Sri Lanka is a country rich with biodiversity, contradictions, and an aura of unique loveliness.
Taking the train from Hatton to Ella (c) Tara Loader Wilkinson
With a loud ‘peep’, our train pulls out of Hatton railway station, the de facto tea capital of Sri Lanka: a country as famous for Ceylon tea as it is for breath-taking natural beauty. We gaze out of the window like excited children as we start a sedate, four-hour chug.
This is no ordinary train ride. Tied to the front buffer are a bunch of luscious red flamingo flowers and two proudly waving Sri Lankan flags, emblazoned with a golden lion, four gold leaves and stripes of green and saffron. The flag represents the four religious groups of Sri Lanka: the Buddhist Sinhalese; Muslims; Tamils; and Christians.
It is to this diversity, perhaps, that Sri Lanka owes its unique loveliness. Called “the world’s most beautiful island” by legendary explorer Marco Polo — and who would disagree with him? — it is hard not to descend into superlatives when describing it. For here is a unique and not- yet overdeveloped country where the Portuguese, Dutch and British colonists have left their mark, for better or worse.
As the train clickety-clacks through a richly abundant landscape, the view evolves like a storyboard. Our journey begins in a thousand of acres of verdant, terraced tea plantations dotted with brightly dressed tea pickers (pickers are always female, our guide says, simply because “women are better at it”). We come through small villages with dusty roads fringed by banana plants; modest homes with rough corrugated roofs painted in audacious neon pinks and blues. Villagers have adopted some stretches of the track as walkways, always ready with a wave and a smile. As we climb high into the clouds our view opens into a valley of deep jungle, punctuated now and then by a plunging waterfall. A hawker comes down the carriage with a thermos flask of condensed milk tea: steaming hot, eye wateringly sweet and delicious. Pulling into one of the myriad stations along the route, you could be in an English country garden. The beds are neatly planted with daisies, hydrangeas and bright geraniums, carefully encircled with white picket fences. Having said that, Sri Lanka is one of 34 of the world's biodiversity hotspots, bursting with endemic flora and fauna due to its varied climate and topographical conditions.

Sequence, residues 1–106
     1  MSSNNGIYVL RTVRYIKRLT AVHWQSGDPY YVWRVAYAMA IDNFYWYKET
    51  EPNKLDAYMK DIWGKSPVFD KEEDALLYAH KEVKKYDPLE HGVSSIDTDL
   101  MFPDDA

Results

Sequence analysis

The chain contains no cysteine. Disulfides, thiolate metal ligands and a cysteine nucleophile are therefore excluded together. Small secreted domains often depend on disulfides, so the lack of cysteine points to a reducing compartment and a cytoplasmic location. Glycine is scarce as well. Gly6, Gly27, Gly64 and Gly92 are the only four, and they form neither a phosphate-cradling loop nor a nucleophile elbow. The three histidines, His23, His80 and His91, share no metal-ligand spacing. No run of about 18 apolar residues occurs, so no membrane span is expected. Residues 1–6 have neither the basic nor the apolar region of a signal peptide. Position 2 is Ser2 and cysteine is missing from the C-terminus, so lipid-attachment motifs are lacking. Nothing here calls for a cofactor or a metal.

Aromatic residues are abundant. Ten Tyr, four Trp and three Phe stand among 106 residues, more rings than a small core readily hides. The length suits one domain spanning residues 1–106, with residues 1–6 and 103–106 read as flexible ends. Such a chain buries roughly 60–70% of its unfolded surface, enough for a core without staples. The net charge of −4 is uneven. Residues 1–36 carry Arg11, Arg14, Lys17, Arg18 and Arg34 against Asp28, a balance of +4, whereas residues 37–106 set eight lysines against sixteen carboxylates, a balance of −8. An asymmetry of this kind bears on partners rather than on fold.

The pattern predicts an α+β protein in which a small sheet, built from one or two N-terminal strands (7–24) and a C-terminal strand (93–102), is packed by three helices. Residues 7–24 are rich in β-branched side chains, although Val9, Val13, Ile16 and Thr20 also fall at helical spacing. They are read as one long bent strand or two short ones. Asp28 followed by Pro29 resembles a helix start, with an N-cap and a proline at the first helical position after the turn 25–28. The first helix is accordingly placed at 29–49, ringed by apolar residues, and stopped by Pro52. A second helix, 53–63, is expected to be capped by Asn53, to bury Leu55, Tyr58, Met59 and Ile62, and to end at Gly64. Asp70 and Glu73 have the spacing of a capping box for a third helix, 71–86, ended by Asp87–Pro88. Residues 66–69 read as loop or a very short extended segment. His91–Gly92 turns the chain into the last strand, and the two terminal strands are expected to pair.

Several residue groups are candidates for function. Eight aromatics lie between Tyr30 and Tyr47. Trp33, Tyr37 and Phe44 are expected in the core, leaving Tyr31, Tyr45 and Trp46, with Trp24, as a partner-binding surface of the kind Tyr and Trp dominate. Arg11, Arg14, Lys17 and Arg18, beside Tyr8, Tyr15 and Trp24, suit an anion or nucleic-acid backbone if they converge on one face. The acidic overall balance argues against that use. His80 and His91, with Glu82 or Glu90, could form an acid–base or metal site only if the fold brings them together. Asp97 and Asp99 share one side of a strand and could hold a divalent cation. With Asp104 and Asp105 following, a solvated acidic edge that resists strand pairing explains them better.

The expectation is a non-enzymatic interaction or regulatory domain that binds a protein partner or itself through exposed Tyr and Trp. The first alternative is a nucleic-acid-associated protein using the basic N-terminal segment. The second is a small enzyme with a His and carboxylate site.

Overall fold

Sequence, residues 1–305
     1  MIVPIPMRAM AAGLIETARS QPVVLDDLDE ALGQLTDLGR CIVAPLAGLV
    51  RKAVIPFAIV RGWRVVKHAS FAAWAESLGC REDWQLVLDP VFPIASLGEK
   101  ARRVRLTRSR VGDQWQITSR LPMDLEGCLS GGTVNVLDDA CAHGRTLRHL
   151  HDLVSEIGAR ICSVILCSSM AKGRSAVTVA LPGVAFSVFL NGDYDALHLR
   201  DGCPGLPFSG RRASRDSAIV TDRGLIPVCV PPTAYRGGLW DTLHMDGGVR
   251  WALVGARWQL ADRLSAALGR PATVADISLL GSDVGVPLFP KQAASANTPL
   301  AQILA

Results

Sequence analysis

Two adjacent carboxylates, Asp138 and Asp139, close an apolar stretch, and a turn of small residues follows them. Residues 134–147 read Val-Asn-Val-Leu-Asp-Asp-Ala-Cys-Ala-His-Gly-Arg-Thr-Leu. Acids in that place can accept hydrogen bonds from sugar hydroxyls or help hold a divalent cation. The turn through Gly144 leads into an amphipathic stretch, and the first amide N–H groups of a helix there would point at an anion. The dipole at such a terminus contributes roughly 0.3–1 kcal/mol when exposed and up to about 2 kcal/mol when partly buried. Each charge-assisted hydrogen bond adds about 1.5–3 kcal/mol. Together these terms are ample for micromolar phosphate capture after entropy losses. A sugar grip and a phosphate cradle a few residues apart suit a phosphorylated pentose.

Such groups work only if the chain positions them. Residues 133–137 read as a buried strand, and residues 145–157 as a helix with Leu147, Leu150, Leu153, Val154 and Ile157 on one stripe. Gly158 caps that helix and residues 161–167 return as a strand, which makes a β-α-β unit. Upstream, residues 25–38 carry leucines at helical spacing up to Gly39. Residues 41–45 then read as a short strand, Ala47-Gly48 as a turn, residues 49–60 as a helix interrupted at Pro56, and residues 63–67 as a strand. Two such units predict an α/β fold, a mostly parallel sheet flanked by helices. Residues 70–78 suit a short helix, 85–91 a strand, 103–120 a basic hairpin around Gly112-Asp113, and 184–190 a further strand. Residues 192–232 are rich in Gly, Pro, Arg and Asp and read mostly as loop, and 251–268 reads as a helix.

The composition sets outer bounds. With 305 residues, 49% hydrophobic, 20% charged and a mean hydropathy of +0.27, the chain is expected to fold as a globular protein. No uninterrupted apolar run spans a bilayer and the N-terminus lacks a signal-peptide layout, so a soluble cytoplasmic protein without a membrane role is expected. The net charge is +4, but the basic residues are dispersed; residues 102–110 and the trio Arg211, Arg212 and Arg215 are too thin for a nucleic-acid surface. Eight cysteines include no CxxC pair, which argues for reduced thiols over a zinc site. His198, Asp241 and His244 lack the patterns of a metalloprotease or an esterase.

But even Sri Lanka's cities are full of with contradictions, shown by racist clashes in Kandy while we were there, causing President Maithripala Sirisena to declare a state of emergency. It served as a timely reminder that only a decade ago this country was still rocked by civil war, and, in many ways, the old scars have not healed. Sri Lanka's diversity is at once its curse and its blessing.
A tour of its most contrasting spots is the only way to begin to understand this complicated and beautiful country. We started with Colombo, Hatton, Yala and Galle, courtesy of luxury travel operator, Lightfoot Travel.
If you only have time to visit one place in Sri Lanka, make it the tea country. After all, it was the humble cuppa that changed the country’s history. Our journey takes us four hours by car up into the Dunkeld Estate: the most picturesque of tea plantations. (You can get there quicker with Cinnamon Air’s amphibious plane, which flies from Colombo and lands on the lake.)
We stayed at Camellia Hills, a boutique hotel modelled on a traditional 18th century planters’ bungalow, with a few comfortable updates, such as an irresistibly Instagrammable 10m infinity pool; a charming library; and five beautifully appointed suites.